Where do these stories we tell ourselves come from? As I try to make sense of how I came to feel such disdain for my body I am reminded of how I was acutely aware from an early age that my body was different than other girls. I also decided that I wasn’t capable of being athletic presumably because of my bigger body.
I remember vividly standing in line in my elementary school gym waiting to hang from the pull up bar. It was part of the Presidential Physical Education Challenge. I was so nervous. Finally it was my turn. I grabbed the bar, held on for dear life and lasted probably less than 20 seconds. That part is a little hazy, but I remember even back in grade school accepting the fact that I simply was not athletic.
My Junior High school housed the swimming pool so we were expected to take swimming as part of gym class in 8th and 9th grade, quite possibly the pinnacle of awkward body image issues for prepubescent and pubescent teen aged girls. I feigned pink eye (spray Aqua Net near your eye or rub something near your eye), headaches and menstrual cramps to get out of the dreaded swim class. And when I didn’t have a physical ailment I could complain to the school nurse about I simply “forgot” my bathing suit. I mean really, are you freaking kidding me? You want an already self-conscious overweight teen to strip down in an open locker room amongst her female classmates, get into a bathing suit and then jump into a pool full of boys. Um no!
The only penalty for not attending swim class was to stay after school one day a week and make it up. The make up class was simply swimming laps. I was a strong swimmer and that was a piece of cake, plus I was usually one of the only people there while the swim team practiced in the other half of the pool. The best part was the gym teacher didn’t care if I wore a shirt over my bathing suit after school, but during school we could not. So I would swim my laps effortlessly and still received credit for gym class. On two occasions I was approached by the swim coach to try out for the team. I never did and I kick myself now thinking back. Not only would I have made friends, I probably would have lost some weight naturally from the increase in exercise. I also may have realized my athletic abilities a lot earlier.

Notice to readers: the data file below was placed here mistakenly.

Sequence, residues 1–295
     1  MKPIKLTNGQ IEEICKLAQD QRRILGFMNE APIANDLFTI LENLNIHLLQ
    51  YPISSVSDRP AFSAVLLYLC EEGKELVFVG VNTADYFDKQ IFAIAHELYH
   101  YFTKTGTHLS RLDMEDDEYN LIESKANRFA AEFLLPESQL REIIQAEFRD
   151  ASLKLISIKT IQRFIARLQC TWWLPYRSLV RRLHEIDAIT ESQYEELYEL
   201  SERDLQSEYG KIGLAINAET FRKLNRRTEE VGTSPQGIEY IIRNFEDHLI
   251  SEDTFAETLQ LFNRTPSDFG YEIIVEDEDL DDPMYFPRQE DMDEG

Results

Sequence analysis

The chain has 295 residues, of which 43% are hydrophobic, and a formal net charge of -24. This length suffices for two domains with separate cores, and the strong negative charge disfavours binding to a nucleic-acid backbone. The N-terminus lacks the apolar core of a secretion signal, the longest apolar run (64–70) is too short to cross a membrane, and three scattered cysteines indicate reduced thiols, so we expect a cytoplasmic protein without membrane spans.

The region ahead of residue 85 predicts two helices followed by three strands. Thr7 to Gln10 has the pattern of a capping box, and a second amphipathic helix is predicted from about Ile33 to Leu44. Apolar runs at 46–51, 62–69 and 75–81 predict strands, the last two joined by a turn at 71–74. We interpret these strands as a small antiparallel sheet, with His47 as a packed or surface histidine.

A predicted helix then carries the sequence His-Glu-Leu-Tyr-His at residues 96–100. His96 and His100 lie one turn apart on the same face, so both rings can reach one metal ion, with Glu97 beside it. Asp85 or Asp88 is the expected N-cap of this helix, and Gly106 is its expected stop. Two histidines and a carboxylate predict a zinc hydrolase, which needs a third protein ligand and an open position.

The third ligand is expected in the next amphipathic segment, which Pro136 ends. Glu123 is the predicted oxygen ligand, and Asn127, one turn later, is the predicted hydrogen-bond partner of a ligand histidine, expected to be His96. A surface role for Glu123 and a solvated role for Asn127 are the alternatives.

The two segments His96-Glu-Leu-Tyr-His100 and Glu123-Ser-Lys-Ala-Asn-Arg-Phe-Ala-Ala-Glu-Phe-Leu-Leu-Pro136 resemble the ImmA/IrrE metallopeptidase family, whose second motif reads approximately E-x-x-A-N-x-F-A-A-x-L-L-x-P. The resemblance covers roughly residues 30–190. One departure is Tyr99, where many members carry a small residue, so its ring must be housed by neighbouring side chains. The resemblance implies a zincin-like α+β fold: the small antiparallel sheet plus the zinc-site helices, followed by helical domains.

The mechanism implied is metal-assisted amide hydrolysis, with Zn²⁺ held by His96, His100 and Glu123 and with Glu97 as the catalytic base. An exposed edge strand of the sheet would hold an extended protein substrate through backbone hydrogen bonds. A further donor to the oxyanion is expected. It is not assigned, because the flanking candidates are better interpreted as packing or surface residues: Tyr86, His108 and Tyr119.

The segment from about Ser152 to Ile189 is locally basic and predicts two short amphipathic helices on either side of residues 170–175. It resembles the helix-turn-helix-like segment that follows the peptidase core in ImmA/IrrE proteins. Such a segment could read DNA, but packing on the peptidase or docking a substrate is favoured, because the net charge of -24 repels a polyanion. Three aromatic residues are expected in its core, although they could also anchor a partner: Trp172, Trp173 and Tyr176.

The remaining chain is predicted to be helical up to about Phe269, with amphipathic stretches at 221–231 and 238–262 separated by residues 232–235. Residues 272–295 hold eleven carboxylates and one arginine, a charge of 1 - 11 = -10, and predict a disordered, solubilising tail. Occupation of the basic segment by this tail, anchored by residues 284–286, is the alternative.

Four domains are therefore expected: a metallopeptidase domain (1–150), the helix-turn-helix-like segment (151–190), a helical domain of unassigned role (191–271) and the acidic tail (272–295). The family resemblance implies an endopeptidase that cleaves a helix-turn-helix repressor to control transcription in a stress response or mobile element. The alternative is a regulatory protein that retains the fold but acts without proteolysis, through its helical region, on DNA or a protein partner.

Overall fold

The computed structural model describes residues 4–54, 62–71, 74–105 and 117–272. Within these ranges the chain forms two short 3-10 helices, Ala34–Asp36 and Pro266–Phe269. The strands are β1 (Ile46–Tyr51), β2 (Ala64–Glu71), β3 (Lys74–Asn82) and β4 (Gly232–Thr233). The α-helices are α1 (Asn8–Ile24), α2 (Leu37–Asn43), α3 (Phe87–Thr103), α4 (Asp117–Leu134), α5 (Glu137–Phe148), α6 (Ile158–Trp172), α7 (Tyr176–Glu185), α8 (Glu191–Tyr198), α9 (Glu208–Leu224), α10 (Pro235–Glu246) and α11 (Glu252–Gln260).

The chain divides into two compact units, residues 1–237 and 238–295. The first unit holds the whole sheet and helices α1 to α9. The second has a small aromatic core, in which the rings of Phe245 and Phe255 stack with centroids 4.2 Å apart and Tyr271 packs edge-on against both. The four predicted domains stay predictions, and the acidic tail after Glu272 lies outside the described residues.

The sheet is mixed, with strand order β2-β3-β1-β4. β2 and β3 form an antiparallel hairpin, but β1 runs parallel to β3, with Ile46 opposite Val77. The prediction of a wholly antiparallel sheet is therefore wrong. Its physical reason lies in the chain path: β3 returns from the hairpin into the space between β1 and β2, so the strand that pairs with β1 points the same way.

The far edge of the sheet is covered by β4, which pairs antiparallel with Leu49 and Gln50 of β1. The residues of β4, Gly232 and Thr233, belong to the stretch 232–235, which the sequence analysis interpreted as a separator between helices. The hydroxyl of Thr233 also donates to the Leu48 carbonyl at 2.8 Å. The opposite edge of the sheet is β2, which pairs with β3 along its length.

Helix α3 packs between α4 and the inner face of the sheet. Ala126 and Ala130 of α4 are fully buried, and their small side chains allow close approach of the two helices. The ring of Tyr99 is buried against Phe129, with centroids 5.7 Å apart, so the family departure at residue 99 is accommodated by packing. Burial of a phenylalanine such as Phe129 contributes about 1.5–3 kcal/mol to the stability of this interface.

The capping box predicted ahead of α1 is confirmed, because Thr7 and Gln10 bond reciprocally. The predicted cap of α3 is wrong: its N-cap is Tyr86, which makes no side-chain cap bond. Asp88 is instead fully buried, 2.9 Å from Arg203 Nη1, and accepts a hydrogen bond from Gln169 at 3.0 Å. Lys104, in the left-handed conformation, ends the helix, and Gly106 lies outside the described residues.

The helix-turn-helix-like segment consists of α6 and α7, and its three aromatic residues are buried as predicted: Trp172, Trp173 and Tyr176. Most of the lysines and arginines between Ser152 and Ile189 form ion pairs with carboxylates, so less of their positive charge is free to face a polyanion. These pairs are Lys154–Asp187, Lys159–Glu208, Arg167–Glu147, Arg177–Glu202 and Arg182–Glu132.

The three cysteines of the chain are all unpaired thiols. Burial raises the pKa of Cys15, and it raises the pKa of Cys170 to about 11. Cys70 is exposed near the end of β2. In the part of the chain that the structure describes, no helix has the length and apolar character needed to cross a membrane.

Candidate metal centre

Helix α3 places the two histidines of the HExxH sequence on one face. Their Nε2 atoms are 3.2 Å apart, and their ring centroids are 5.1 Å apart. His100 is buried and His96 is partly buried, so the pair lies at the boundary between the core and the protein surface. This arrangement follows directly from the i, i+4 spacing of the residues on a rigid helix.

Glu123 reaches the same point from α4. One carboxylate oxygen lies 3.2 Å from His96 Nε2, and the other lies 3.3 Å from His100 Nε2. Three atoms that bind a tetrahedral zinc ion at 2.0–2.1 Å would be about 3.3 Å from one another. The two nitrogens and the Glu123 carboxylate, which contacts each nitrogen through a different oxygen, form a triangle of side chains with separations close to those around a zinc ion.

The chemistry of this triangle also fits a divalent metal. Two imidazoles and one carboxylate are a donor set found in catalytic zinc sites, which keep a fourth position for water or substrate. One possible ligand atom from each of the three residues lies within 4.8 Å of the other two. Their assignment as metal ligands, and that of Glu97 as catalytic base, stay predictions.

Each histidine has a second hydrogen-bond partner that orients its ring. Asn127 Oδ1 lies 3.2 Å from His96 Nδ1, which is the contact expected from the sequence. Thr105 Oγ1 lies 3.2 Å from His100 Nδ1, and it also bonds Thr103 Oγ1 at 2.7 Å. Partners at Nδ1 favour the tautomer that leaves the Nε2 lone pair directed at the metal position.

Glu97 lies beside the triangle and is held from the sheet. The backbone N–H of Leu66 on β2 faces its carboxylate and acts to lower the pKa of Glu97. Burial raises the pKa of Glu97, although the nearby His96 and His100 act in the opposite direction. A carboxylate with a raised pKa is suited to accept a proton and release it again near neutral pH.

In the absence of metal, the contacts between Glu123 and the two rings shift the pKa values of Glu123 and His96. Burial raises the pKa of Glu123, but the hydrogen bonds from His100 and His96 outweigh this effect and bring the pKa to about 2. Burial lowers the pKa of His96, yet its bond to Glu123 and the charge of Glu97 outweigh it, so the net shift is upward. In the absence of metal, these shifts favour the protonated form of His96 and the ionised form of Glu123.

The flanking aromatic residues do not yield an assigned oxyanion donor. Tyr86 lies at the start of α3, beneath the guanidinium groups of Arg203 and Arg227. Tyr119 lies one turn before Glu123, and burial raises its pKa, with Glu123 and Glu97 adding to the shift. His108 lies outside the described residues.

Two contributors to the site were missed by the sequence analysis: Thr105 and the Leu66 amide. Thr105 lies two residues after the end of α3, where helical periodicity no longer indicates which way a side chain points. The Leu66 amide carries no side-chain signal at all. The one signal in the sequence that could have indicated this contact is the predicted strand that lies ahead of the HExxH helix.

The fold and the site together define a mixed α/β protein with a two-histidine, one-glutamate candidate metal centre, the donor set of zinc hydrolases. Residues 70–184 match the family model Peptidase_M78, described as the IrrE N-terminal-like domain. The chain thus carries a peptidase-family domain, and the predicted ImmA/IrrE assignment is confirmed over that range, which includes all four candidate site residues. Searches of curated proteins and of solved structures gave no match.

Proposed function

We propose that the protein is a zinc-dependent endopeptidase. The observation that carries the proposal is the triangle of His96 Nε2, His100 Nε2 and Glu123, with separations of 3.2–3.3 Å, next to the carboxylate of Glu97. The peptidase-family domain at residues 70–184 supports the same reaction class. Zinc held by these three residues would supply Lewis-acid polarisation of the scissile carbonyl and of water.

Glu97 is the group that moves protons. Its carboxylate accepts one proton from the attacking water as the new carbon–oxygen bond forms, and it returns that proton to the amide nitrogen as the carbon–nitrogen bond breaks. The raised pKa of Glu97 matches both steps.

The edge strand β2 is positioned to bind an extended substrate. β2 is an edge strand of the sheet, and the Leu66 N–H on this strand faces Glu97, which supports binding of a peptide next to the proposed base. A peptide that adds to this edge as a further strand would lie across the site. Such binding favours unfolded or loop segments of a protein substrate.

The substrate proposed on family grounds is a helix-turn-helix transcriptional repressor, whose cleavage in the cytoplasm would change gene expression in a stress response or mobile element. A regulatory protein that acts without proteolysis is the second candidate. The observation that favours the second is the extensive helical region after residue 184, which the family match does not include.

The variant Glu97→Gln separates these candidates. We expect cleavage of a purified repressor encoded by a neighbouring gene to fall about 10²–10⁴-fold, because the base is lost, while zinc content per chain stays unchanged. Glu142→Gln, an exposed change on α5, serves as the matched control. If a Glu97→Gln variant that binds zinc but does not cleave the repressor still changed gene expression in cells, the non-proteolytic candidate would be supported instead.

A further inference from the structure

I was a dancer and took dancing lessons well into my teen years. However, I didn’t equate dancing with being athletic. I loved dancing, but shied away from ballet which I considered to be for petite slender girls not big clunky girls as I thought of myself. I took jazz and tap instead. I loved dancing, but never felt graceful and elegant as I dreamed I should.
And the list goes on. In my head I’ve always been the “big” girl and therefore I was not meant to be athletic. By college the only physical activity I did was to walk to and from class. During serious attempts at weight loss walking was my go to exercise and I could walk for very long periods of time at a good clip. It was just walking, though, I told myself.
Ironically each year on the third Monday in April I would tune into coverage of the Boston Marathon, reduced to tears as the winners and those to follow crossed the finish line. Never once during those broadcasts did I consider running myself.
As part of the Love Your Body challenge today’s mantra is: ”I am capable of _________, and that’s awesome. In fact, I am capable of anything I set my mind to, that I am willing to work for. “
My mantra would be: I am capable of being an athlete, and that’s awesome…
Today’s action step is a choice between:
1. Engage in the activity that you talked about in your mantra if possible, and if it makes you smile. Remember to repeat the mantra while you are doing it.
2. Think about something that you’ve been wanting to do/learn/practice/master for a long time, and set yourself a reasonable time limit to achieve it. Reasonable is the key word here. Keep repeating the mantra to remind yourself that you can do anything that you set your mind to as long as you’ll work for it.
I’ve done both. This morning I attended my usual Vinyasa yoga class, but there was a substitute instructor who had a totally different style than my instructor. I was challenged from beginning to end. Of course I also went for a run today, but not just any old training run. I’m running with a friend as she prepares for her first 5K. She is doing an incredible job training. She is super motivated. She is losing weight naturally and healthily. She is also loving running and pushing herself to go a little further each time. We ran almost 4 miles this morning on a rather hilly route. She didn’t back down once. I’m so excited for her and thrilled to be a part of her training. We will run a 5K at the end of April and she is already talking about doing my favorite 10K this summer.
As for the second option above I have hinted around the blog that I’ve been thinking a lot about running an ultra marathon. I did the Fat Ass 50K back in December and although that is technically an ultra it was a torturous 10 redundant loops through and around a paved park. I would really like to experience a 50 mile ultra marathon on trail. I’ve come along way from the “big” girl who wasn’t meant to be athletic. I’m truly in awe of what my body has accomplished in the last 5 years. It’s time to see what else it’s capable of accomplishing. So on my 13th wedding anniversary I will be running the Vermont 50! In preparation for the 50 mile race I will be running the Vermont City Marathon on May 25th, ironically, the same day registration opens for the Vermont 50. Training started about a month ago. I’m happily settling into a routine with a very new style of training plan. I have a few other races planned and a goal or two I hope to accomplish along the way.
I’m not sure how my story started, but I’m so glad that I decided to change how it ends.